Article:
OTTAWA—The Bank of Canada stuck with its key lending rate Wednesday, a move that essentially hands over the economy-boosting controls to the federal government.
Governor Stephen Poloz offered a peek behind the scenes, saying senior bank officials entered pre-announcement deliberations with a bias toward making another cut to the already-low interest rate of 0.5 per cent.
The goal was to provide more help to the struggling economy.
But their eventual decision to stand pat, Poloz recalled, came after mulling over what he considers an important factor: Ottawa’s promise to pump billions into infrastructure projects.
The central bank also justified holding the rate because the key indicator in its decision—inflation—has been unfolding as expected within its ideal target range.
But the rate decision suggests the bank could stay on the sidelines while it waits for the Liberal government’s spending package.
Details of the government’s infrastructure projects may have to wait until the spring federal budget, expected in March.
Questions remain whether the federal stimulus plan will be adequate—and deployed quickly enough.
Poloz declined to speculate on those questions because the scope and timing of the program remains unknown. As a result, the Bank of Canada left out the potential positive impacts of any fiscal measures in its fresh forecasts released Wednesday.
For now, the central bank has lowered its 2016 economic growth projection—as measured by real gross domestic product—to 1.4 per cent, down from its fall prediction of two per cent.
But any fiscal measures, Poloz says, would likely help the stubbornly sluggish economy, which he believes suffered a “significant setback” mostly due to falling commodity prices.
That means the bank’s 2016 real GDP forecast could still receive a bump.
“Yes, you should treat it as an asterisk,” Poloz told a news conference when asked whether the projection could change once the federal infrastructure plan is announced.
“The direction is clear. The government says that it will do something.”
The bank’s latest monetary policy report, also released Wednesday, said Ottawa’s spending promises represent “an important upside risk to the outlook” and could “generate broader spillovers to the economy.”
The original Liberal plan was to invest $60 billion in infrastructure over 10 years, with $17.4 billion set to flow during the first mandate—an initiative the party says will create deficits over the coming years.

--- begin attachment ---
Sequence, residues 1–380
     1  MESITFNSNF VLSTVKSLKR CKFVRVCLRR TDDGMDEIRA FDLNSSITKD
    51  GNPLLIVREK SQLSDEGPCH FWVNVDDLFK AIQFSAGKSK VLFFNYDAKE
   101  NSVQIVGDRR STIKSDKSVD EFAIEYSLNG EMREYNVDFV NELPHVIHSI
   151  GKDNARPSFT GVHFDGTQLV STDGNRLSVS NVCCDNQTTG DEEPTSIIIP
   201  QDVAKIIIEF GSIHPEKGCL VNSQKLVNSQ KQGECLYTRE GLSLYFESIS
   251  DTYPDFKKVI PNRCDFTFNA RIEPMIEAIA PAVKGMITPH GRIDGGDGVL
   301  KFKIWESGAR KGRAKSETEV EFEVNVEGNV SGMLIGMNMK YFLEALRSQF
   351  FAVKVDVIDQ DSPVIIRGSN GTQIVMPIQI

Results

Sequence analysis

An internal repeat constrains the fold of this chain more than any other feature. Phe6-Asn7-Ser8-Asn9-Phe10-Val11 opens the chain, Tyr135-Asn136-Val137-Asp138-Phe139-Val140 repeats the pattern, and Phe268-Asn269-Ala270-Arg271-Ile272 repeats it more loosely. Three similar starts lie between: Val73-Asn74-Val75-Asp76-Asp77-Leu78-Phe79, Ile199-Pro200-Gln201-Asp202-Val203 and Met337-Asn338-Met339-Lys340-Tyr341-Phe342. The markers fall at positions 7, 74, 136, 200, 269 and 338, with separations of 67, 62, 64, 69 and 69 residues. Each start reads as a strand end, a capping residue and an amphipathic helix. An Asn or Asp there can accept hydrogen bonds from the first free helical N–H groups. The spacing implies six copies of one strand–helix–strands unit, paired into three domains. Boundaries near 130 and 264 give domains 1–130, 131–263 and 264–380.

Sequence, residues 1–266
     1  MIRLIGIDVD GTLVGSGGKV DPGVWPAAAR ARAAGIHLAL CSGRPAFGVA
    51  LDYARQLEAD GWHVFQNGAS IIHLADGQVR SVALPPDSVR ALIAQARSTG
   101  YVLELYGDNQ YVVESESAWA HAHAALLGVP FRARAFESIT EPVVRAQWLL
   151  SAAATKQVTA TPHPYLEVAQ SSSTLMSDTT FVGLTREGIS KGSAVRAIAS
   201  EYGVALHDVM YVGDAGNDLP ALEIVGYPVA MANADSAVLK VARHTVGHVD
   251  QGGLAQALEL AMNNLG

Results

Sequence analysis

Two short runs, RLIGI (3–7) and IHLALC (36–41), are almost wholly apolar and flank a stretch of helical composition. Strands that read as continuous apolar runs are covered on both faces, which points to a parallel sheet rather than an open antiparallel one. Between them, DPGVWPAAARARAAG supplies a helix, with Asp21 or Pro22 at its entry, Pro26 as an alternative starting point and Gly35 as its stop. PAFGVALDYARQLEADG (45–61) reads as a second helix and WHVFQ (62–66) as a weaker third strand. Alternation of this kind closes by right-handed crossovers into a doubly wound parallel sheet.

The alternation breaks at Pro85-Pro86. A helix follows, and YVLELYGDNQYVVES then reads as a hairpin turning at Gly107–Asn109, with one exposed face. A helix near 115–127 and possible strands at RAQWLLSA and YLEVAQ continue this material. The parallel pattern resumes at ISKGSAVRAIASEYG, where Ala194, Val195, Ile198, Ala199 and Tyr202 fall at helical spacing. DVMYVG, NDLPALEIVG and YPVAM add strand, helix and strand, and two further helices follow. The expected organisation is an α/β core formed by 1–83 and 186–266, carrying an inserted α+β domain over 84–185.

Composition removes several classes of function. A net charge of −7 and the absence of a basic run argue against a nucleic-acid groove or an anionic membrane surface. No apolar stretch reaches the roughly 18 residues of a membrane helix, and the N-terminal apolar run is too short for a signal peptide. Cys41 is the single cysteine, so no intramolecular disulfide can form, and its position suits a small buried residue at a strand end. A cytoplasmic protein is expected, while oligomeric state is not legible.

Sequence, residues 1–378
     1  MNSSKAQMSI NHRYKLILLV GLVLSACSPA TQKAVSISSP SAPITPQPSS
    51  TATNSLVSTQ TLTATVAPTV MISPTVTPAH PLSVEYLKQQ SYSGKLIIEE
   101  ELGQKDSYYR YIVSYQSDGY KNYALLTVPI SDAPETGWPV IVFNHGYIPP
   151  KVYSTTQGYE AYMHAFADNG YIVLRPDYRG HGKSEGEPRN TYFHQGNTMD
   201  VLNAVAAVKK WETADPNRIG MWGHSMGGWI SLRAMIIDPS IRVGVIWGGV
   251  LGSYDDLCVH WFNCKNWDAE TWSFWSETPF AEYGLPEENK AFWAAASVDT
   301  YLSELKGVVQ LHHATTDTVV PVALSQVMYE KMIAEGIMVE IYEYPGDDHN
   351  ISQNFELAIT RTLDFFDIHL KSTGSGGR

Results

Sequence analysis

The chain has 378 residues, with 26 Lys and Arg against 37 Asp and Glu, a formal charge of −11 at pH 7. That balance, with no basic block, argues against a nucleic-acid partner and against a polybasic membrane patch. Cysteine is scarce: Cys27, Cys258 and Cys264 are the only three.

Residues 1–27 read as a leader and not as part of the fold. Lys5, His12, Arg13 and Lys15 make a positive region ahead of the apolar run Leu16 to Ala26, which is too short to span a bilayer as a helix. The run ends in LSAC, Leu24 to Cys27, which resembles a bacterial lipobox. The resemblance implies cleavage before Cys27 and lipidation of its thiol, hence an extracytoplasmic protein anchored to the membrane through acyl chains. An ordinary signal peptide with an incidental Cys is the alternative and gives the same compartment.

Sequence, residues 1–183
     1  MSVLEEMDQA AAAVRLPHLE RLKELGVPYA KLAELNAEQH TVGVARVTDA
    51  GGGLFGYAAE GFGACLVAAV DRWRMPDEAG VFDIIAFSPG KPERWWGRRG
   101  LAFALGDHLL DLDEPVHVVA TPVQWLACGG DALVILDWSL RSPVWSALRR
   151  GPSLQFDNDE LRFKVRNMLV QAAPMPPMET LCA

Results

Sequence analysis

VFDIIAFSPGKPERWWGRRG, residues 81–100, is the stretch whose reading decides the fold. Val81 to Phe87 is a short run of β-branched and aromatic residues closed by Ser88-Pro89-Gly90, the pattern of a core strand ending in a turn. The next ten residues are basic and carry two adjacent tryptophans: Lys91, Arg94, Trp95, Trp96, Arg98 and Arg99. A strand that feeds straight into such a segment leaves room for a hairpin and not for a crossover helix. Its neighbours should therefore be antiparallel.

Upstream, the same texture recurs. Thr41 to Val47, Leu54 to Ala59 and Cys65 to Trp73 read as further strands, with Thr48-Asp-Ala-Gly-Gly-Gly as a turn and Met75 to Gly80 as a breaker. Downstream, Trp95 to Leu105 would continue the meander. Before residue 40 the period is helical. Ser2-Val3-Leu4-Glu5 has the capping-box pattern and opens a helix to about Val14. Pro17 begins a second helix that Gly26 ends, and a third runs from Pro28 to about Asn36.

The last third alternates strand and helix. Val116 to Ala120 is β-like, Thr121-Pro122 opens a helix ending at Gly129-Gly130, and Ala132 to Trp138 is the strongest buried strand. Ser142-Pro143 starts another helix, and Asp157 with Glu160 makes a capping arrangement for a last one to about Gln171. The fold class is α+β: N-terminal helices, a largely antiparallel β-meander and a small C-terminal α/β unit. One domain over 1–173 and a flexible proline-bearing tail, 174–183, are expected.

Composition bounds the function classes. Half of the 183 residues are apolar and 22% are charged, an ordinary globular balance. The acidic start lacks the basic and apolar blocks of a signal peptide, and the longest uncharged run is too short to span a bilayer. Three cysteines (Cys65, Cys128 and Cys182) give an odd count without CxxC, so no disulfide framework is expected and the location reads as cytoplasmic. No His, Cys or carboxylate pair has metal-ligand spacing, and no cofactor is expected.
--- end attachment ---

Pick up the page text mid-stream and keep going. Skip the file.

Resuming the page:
Insiders recently told The Canadian Press the government is actively considering expediting the infrastructure spending, which the Liberals have repeatedly said will kick-start growth and create jobs.
It’s a different scenario than last year, when the previous Conservative government strove to produce a balanced budget rather than run a shortfall to provide stimulus.
With no fiscal help from the Tories as oil prices tumbled, Poloz dropped the bank’s trendsetting rate twice last year to bring it to 0.5 per cent. The goal was to help limit the negative economic impact of the oil-price slump.
Poloz said Wednesday that the benefits of those rate cuts are still working their way through the system.
Looking forward, the bank expects the economy to eventually rebound and see growth of 2.4 per cent in 2017.
Until then, the country continues to adjust to what the bank describes as a complex mix of sliding resource prices, a falling Canadian dollar and weaker business investment.
For the final three months of 2015, the Bank of Canada said the economy likely stalled. It lowered its growth forecast to 0.3 per cent for the quarter, down from its October estimate of 0.7 per cent.
The bank said the global price of oil has dropped by more than US$20 per barrel since its October monetary policy report—putting prices about 75 per cent lower than their peak in June 2014.
However, when it comes to translating to cheaper prices at the pump, the bank said the cost of gasoline has not fallen “as much as the reduction in crude oil prices would suggest, based on historical experience.”
The monetary policy report also suggested that increasingly low crude prices are poised to push oil producers beyond the break-even point. If a significant number of firms are affected, the bank said it could pose a potential threat to the broader economy.
Even at oil priced between US$40 and US$50 per barrel, the bank said many energy executives consider the “current composition of the industry as unsustainable.”
On Wednesday, oil was trading around the US$28 mark.
Lower oil prices have also contributed to the dollar’s nosedive.
While the weaker loonie has some negative effects, such as inflating prices on some consumer products and the cost of travel to the U.S., experts say it provides benefits for the overall economy.
The bank’s next rate announcement is scheduled for March 9.